Botulism: Control Measures Overview for Clinicians
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- Medical personnel caring for patients with suspected botulism should use standard precautions (hand washing, eye protection, gown).
- Patients with suspected botulism do not need to be isolated, but those with flaccid paralysis from suspected meningitis require droplet precautions.
- Despite its extreme potency, botulinum toxin is easily destroyed. Heating to an internal temperature of 85°C for at least 5 minutes will decontaminate affected food or drink.
- All foods suspected of contamination should be promptly removed from potential consumers and submitted to public health authorities for testing.
- Commercially canned food is treated to eliminate all spores. Most other foods can be assumed to contain spores. Control methods focus on the inhibition of growth and toxin production. The main factors limiting growth of C. botulinum in foods are:
- Water activity
- Redox potential
- Food preservatives
- Competing microorganisms.
- Persons who do home canning should follow strict hygienic procedures to reduce contamination of foods. They should also be educated about the proper time, pressure, and temperature required to destroy spores, the need for adequately refrigerated storage of incompletely processed foods, and the effectiveness of boiling, with stirring, home-canned vegetables to destroy botulinum toxins.
- Baking potatoes in aluminum foil does not kill spores and may actually facilitate germination and growth if the potato is held at ambient temperature.
- Oils infused with garlic or herbs should be refrigerated.
- Potatoes which have been baked while wrapped in aluminum foil should be kept hot until served or refrigerated.
- Because botulinum toxin is destroyed by high temperatures, persons who eat home-canned foods should consider boiling the food for 10 minutes before eating it to ensure safety.
- A pressure cooker must be used to can vegetables at home because it can reach temperatures above boiling, which is necessary to kill botulism spores. Instructions on safe home canning can be obtained from county extension services or from the US Department of Agriculture.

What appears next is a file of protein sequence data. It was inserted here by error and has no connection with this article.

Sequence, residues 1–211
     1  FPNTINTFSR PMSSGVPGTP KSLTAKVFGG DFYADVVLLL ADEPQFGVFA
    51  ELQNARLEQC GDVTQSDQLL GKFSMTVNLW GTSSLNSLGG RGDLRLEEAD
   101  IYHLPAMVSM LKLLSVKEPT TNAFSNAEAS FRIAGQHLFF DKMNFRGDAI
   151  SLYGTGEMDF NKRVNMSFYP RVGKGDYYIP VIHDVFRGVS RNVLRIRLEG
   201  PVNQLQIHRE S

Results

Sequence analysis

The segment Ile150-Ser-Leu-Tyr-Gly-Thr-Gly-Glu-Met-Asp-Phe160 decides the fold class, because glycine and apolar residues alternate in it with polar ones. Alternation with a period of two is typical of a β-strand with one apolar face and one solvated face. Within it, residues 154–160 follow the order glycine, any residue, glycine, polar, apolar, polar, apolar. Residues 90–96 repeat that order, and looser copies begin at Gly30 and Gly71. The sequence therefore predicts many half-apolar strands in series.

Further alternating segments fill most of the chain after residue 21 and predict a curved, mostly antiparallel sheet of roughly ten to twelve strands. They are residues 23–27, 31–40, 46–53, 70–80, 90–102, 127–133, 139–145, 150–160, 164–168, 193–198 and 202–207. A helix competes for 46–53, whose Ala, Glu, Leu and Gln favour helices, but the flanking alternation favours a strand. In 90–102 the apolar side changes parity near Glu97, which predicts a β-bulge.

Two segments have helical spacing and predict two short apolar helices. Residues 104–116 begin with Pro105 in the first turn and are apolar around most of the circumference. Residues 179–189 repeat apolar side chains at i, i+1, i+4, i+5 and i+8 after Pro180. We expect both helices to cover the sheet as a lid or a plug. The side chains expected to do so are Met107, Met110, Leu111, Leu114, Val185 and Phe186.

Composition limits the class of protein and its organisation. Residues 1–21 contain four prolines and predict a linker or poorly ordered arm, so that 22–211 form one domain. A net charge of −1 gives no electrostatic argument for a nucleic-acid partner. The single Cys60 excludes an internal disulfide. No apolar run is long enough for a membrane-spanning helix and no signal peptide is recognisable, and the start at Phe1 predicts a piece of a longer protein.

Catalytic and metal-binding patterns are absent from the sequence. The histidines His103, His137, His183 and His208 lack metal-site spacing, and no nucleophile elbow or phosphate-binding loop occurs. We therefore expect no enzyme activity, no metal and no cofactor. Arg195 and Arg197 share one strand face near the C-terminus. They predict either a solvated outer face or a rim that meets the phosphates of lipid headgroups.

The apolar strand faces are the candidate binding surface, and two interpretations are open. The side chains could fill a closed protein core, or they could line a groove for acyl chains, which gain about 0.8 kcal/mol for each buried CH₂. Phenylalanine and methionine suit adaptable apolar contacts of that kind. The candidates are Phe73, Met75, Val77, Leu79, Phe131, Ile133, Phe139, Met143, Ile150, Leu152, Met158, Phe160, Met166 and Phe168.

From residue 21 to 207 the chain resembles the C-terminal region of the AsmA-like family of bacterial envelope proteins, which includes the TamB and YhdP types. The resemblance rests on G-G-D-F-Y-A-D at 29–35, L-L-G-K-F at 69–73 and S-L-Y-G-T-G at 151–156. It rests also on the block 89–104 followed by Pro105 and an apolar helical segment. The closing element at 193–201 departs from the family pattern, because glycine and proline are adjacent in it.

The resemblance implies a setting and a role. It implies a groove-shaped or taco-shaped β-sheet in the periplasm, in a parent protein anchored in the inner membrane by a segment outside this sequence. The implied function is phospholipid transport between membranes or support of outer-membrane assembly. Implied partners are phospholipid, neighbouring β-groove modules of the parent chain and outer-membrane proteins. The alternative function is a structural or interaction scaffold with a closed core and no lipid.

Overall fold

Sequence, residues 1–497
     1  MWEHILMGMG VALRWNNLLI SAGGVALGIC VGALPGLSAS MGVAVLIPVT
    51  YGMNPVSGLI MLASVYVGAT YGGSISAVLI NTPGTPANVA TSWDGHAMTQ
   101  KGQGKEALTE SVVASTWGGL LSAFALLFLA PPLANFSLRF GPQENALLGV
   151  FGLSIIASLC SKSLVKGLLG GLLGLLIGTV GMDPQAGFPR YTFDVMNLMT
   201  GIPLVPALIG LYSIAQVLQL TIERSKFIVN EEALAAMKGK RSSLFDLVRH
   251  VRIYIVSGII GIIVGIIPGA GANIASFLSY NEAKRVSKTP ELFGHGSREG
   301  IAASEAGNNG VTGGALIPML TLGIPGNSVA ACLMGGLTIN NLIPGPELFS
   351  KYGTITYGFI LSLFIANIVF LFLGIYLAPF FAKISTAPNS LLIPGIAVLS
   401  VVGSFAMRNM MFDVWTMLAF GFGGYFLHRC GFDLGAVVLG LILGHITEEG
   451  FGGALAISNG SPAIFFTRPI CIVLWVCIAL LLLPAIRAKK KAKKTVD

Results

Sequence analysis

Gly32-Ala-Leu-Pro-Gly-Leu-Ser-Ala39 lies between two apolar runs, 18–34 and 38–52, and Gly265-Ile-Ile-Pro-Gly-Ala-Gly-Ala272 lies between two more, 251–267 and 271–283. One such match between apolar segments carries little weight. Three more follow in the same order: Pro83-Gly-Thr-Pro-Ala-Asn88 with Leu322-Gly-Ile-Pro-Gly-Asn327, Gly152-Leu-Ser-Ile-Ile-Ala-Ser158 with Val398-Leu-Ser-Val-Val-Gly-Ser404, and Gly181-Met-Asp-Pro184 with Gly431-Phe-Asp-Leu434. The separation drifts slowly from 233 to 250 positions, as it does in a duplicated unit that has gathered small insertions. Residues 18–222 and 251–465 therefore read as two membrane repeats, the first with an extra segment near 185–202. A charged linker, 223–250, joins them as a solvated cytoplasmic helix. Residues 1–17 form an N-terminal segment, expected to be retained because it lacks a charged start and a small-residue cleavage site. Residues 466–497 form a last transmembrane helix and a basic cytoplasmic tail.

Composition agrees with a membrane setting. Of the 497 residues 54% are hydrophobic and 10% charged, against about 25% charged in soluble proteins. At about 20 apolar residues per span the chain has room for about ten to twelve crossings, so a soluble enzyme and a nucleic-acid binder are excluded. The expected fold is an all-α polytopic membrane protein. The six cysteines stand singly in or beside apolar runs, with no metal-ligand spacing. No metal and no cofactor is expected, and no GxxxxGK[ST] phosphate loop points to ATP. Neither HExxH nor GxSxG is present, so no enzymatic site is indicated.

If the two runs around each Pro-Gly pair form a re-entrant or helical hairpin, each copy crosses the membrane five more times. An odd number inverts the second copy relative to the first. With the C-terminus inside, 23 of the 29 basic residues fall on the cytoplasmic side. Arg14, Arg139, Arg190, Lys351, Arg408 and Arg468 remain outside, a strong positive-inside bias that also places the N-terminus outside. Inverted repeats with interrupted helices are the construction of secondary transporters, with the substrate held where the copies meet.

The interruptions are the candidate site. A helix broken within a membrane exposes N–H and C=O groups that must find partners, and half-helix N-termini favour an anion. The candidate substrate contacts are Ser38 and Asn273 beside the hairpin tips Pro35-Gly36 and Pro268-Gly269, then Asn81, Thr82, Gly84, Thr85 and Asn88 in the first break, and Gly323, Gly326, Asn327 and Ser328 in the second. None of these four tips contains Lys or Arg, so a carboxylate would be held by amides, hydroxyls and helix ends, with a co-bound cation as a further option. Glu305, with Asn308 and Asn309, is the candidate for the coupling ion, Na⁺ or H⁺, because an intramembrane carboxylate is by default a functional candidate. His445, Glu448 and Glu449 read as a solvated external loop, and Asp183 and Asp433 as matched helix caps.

- Honey can contain spores of C. botulinum and has been a source of infection for infants. Children less than 12 months old should not be fed honey. Honey is safe for persons 1 year of age and older.
- Wound botulism can be prevented by promptly seeking medical care for infected wounds and by not using injectable street drugs.
- Commercial cans or home-canned products with dents or bulging lids should not be opened, and foods that have abnormal odors should not be eaten.
- Heightened awareness by infection-control professionals (ICPs) facilitates recognition of the release of a biologic agent. ICPs are involved with many aspects of hospital operations and with counterparts in other hospitals. As a result, ICPs may recognize changing patterns or clusters in a hospital or in a community that might otherwise go unrecognized.
- ICPs should ensure that hospitals have current telephone numbers for reporting and notification to both internal (ICPs, epidemiologists, infectious diseases specialists, administrators, and public affairs officials) and external (state and local health departments, Federal Bureau of Investigation field office, and CDC Emergency Response office) contacts and that they are distributed to the appropriate personnel. ICPs should work with clinical microbiology laboratories, on- or off-site, that receive specimens for testing from their facility to ensure that cultures from suspicious cases are evaluated appropriately.
- State health departments should implement plans for educating and reminding health-care providers about how to recognize unusual illnesses that might indicate intentional release of a biologic agent.
- See: Botulism: Suspected Intentional Release Overview for Clinicians
For more information:
- Botulism: Additional Information
- Surveillance for Botulism: Summary of 2001 Data
- JAMA: Botulinum Toxin as a Biological Weapon
- Bioterrorism Readiness Plan: A Template for Healthcare Facilities
- EID: Use of Automated Ambulatory-Care Encounter Records for Detection of Acute Illness Clusters, Including Potential Bioterrorism Events
- EID: Endemic, Notifiable Bioterrorism-Related Diseases, United States, 1992–1999
- Page last reviewed October 06, 2006
- Page last updated June 14, 2006
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